Sunday, 29 May 2016

McCloskey's Use of Jane Austen

The last few weeks have been intense. Definitely uni-wise, but I have also attended various high-profile speakers holding amazing lectures in Sydney. Some kind of Amazing Coincidence brought three brilliant speakers within my reach, and I spent way too much time reading and writing about their work rather than continuing my journey through the Tome placed on top of my bedside table pile: Deirdre McCloskey's Bourgeois Equality.

As I expected, the proof for her remarkable story took a few hundred pages before they started to arrive. Or, pieces of the puzzle, I should say, since presumably they become proofs supporting her story only when taken together. Since one of them involves Jane Austen, and I've spent some of my recent post-uni-work cooling down with Pride & Prejudice, here's a recount (watch Mr. Collins' proposal to the protagonist Elisabeth or re-read the beginning of chapter 19 for background):

McCloskey's story of the bourgeois revaluation is a story of changing rhetoric and beliefs towards the morality of trade, of innovation, of being a merchant and earning money by serving costumers - and it's a story of virtues balanced by one another, rather than the mainstream economists of the last 50 years, considering Prudence-Only by conceiving everything as a smooth utility function to maximise. To show that such a social and rhetorical change meaningfully did occur in the late 18th century and early 19th century, she uses Austen's immense ironies and silly bi-characters for illustration. In considering Mr. Collins' altogether unloving proposal to Elisabeth, McCloskey argues that Austen embraced her story (and Adam Smith's story) of balancing virtues and ultimately created characters to reflect that (or the lack thereof). Mr. Collins' proposal is essentially an outcome of a neoclassical utility function that Paul Samuelson's and Gary Becker's Economics would have approved of; Prudence-Only by discarding every other virtue, and maximize one's utility function accordingly:
My reasons for marrying are, first, that I think it a right thing for every clergyman in easy circumstances (like myself) to set the example of matrimony in his parish. Secondly, that I am convinced it will add very greatly to my happiness; and thirdly -- which perhaps I ought to have mentioned earlier, that it is the particular advice and recommendation of the very noble lady whom I have the honour of calling patroness. (Ch. 19, Pride and Prejudice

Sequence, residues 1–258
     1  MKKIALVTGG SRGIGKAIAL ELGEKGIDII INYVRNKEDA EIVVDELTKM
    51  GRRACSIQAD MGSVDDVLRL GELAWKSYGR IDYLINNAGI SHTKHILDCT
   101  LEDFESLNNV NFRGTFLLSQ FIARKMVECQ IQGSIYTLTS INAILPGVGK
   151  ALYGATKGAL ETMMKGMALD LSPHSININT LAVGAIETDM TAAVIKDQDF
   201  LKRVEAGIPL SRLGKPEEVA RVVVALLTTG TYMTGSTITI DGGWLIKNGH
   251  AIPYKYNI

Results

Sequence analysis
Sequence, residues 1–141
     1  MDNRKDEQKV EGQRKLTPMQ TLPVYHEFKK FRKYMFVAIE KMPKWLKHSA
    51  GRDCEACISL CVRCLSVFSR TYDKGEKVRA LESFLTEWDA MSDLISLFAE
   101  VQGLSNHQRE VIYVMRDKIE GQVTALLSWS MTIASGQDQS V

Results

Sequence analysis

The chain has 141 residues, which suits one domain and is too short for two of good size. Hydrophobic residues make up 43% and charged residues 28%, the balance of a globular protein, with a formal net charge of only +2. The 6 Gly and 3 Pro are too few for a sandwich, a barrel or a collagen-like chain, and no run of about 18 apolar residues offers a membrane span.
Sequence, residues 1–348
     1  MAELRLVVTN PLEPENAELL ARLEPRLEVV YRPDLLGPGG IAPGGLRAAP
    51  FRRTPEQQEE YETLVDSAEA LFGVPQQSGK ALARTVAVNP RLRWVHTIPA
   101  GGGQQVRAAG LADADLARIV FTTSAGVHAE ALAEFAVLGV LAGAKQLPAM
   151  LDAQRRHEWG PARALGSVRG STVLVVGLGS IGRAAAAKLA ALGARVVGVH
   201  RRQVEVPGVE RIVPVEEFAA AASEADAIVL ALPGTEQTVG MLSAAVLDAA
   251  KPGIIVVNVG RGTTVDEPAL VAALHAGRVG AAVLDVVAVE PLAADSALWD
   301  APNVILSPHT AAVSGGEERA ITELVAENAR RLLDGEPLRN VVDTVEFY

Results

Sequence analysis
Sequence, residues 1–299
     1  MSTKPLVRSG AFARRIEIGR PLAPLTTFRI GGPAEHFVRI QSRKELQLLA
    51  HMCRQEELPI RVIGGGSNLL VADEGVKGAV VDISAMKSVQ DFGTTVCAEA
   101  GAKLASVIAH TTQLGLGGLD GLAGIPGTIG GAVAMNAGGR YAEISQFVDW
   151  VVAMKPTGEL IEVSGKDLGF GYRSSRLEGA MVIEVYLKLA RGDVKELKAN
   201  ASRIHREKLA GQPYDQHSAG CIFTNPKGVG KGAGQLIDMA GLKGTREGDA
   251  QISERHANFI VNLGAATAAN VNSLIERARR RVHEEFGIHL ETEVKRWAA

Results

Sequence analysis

Moreover, in her typically Austen-like manner, every description conveys more than one message. In describing Elizabeth's uncle, Austen is clearly mocking the upper-classes and indirectly approving of regular tradesmen such as Mr. Gardiner:
Mr. Gardiner was a sensible, gentlemanlike man, greatly superior to his sister [Elisabeth's rather hysterical mother], as well by nature as education. The Netherfield ladies would have had difficulty in believing that a man who lived by trade, and within view of his own warehouses, could have been so well-bred and agreeable. (Ch. 25, Pride and Prejudice)
For Austen to write so approvingly about a character in the trades, when her contemporary writers almost always carried an "antitrade snobbery" (p. 158) towards merchants and manufacturers in their writings, is to support McCloskey's argument (p. 166):
Jane Austen is here strikingly bourgeois, understanding the word as praiseworthy, not merely another word for 'vulgar and greedy'. In a business-respecting civilization - which I am suggesting Jane Austen stood smiling at the doorway of - the bourgeois is highly honoured for his sense.
Admittedly, this is incredibly weak. Especially considering that Austen's novels was read by very few people and had very little impact during her life - even if the interpretation of Austens' novels and her letters is correct, it doesn't really lend much support to McCloskey's overall story. I'm sure McCloskey will hammer home the message over the next 400 pages, gradually giving me more reason to completely embrace the social and rhetoric change she emphasises.  

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